I hate to just plop down the conclusion to a piece, but this contains a crucial point I can’t emphasize enough, even at the risk of being repetitive and repeating IOZ’s repetitions:
Accepting (and I don’t) that some wars, sometimes, are truly necessary doesn’t dissolve the evil or absolve people or nations from their participation in them; they can never fully be atoned for or forgiven.
This I believe to be one of the truths underpinning the tragedy that is the “victors” in war. Even the victors of war (or revolution!) must condemn themselves when all is said done, anything less is not enough. Sadly, this never seems to happen, certainly not when the State wages war.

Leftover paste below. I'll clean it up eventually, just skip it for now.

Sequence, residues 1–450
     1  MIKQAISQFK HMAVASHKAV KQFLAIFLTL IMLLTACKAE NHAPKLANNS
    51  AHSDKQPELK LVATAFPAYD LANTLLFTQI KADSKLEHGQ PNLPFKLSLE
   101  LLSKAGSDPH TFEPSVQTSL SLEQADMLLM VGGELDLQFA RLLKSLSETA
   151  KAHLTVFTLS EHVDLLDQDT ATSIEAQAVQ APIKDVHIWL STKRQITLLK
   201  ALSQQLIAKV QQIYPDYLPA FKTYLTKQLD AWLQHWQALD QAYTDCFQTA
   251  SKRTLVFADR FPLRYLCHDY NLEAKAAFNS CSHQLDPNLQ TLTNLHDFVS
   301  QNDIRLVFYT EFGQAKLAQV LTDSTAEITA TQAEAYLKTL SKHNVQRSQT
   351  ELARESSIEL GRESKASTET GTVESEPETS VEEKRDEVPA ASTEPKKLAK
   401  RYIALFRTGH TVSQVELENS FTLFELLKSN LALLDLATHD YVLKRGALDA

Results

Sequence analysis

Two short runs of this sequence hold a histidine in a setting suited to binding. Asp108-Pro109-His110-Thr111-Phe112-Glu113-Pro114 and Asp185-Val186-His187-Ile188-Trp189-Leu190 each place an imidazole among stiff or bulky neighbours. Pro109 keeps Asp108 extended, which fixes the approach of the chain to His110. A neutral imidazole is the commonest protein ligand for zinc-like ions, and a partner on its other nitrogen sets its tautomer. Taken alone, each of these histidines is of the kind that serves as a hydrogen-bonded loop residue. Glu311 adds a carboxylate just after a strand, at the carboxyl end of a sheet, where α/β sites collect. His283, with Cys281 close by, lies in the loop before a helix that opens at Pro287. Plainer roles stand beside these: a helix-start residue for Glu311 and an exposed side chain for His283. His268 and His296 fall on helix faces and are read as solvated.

But maybe one day or the other the story, I do not say “History”, will paint a real picture of all these events, not a picture with “Hurra-Patriotisme,” not a picture with medals and Glory, but just something we had unto ourselves, something in which we believed, something for which we lived and for which people like your father died
found in a letter from a strong French woman describing her life under Nazi occupation to a researcher.